Police forensics procurement 'rushed through'

5 August 2011

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5 August 2011 | Angeline Albert

The rush to find new police forensic services’ suppliers means the “usual due diligence” process could not be followed, the chief executive of the Hertfordshire Police Authority (HPA) has said.

Andrew White criticised the government’s decision to shutdown Forensic Science Services (FSS) saying it has triggered a hurry to sign contracts with new vendors. FSS, which is currently the leading provider for all 43 police forces in England and Wales, will stop accepting new business in October and close in March.

HPA signed agreements worth £1 million with seven suppliers last month. They will deliver forensic work to 10 police forces in Hertfordshire from October. White is confident the chosen suppliers will provide quality services and offer value for money thanks to due diligence work undertaken in the last few weeks but criticised the deadlines that police have had to work to. He told SM today: “Procurement regulations were followed but before contracts were signed I would have liked to have been assured we were getting good value for money at key times during the process.”

In his report to the HPA committee last month, he said: “In normal circumstances, the chief executive would have delayed the signing until further assurances regarding cost, quality and resilience had been obtained, but given the clear statement that if we did not have contracts in place by the middle of July we would not have forensic provision in October, this was not considered an option.”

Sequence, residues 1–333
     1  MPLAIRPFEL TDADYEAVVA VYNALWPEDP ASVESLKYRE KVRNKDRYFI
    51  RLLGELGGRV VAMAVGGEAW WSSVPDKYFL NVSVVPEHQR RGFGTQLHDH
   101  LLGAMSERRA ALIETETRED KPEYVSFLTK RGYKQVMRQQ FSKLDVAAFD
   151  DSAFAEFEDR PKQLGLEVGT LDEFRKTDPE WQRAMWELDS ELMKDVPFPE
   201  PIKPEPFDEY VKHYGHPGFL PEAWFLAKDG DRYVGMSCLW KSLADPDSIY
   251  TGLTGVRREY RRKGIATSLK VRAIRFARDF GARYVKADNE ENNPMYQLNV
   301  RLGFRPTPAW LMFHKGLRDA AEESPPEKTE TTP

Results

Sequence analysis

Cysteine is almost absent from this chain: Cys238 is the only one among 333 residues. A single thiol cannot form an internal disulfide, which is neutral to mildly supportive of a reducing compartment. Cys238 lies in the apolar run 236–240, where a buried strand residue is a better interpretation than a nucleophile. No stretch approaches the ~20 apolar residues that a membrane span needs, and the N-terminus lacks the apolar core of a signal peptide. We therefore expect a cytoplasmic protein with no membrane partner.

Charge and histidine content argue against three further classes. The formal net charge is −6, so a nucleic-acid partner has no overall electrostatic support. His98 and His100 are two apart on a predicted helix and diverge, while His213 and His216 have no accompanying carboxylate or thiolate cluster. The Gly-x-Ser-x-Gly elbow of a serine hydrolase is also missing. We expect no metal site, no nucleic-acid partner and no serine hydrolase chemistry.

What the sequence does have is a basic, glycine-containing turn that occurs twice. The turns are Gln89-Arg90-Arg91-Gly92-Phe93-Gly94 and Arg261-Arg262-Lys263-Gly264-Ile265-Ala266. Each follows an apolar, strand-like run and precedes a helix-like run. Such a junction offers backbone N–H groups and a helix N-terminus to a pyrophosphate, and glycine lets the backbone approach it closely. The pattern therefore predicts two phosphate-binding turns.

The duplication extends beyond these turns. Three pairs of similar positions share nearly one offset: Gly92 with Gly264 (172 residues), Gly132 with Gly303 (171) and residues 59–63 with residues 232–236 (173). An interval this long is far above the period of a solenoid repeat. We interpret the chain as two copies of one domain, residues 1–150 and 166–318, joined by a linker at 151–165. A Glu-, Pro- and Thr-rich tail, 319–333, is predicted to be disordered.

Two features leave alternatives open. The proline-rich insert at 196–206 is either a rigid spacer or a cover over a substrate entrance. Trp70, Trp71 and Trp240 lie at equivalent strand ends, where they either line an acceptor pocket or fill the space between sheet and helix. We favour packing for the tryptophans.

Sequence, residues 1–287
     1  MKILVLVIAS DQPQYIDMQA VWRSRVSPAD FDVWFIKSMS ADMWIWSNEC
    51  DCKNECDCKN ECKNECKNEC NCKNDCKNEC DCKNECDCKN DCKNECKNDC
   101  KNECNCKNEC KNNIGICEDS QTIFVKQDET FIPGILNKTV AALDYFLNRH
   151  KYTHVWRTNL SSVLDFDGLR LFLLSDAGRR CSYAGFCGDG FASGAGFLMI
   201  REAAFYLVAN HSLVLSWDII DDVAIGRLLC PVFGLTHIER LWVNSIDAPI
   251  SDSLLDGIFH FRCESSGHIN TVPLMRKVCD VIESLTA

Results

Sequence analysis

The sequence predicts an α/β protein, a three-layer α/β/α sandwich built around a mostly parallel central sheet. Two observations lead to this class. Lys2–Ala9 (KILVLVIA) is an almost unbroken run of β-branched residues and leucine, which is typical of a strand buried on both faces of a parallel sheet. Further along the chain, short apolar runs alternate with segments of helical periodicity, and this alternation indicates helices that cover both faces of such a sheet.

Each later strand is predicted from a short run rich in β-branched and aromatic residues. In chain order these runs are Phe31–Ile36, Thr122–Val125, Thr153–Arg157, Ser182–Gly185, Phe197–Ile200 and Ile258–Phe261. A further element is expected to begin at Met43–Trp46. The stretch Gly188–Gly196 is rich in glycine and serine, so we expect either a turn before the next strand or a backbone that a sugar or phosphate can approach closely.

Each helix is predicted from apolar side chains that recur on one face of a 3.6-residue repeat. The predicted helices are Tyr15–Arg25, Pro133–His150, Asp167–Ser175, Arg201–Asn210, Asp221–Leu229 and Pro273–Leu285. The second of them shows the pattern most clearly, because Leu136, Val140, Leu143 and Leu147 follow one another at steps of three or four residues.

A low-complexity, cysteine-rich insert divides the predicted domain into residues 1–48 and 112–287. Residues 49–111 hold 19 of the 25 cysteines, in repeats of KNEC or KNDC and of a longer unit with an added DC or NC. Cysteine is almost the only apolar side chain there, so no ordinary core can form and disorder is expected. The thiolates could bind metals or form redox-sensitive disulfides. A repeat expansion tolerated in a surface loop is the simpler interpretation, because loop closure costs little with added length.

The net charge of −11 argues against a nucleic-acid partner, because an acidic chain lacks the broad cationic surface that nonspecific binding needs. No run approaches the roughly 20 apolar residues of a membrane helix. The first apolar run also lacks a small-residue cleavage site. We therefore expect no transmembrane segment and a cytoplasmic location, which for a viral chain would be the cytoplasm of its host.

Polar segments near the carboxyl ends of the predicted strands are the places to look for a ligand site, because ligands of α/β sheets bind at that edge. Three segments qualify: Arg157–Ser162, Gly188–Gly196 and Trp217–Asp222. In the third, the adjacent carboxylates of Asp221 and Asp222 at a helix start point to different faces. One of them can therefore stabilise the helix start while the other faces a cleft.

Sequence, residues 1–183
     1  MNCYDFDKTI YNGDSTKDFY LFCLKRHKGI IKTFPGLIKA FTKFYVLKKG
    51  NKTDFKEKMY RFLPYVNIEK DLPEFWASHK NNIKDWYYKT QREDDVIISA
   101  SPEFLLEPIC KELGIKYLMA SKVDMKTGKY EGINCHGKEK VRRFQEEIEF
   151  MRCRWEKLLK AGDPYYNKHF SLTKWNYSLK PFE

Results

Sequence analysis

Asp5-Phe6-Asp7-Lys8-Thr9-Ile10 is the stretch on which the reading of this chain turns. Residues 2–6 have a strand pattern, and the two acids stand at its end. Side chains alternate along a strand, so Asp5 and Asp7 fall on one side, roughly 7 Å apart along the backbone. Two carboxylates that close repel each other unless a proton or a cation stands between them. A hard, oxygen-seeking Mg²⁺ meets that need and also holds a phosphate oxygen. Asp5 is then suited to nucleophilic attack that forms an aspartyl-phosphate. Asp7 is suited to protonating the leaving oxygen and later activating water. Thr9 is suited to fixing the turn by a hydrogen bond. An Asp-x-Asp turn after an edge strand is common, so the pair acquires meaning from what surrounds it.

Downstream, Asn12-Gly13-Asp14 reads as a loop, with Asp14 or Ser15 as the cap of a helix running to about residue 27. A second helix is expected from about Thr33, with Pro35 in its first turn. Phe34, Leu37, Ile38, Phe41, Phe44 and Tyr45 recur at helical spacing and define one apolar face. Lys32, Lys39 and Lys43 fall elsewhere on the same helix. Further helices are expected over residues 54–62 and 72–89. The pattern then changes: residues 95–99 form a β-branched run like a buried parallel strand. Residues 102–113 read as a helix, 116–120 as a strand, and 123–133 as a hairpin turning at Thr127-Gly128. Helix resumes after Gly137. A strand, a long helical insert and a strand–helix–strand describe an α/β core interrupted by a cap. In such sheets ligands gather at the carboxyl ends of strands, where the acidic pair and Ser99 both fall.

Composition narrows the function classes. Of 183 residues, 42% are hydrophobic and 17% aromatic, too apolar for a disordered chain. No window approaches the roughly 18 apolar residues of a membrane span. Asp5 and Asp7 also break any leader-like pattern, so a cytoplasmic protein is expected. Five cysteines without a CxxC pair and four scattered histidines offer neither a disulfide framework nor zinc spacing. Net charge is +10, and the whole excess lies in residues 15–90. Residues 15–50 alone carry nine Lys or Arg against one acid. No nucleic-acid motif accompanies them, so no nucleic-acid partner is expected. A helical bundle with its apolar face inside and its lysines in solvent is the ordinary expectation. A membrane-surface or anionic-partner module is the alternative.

Since the closure announcement, the Association of Chief Police Officers, NationalPolicing Improvement Agency and Home Office have been working to set up alternative provision. In the South West, a private buyer is being sought to cover a portion of the old FSS; in the north east a consortium of forces is looking to take over some of FSS services; while a competitive tendering process has been developed for forces in the east of England, Hampshire, Kent and the City of London.

A Home Office spokeswoman said: “All police forces had the option to continue as customers of the FSS until a buyer is found or to procure new contracts. Hertfordshire Police made clear its decision was to seek new arrangements and we are working with them and several other forces to take this forward.”

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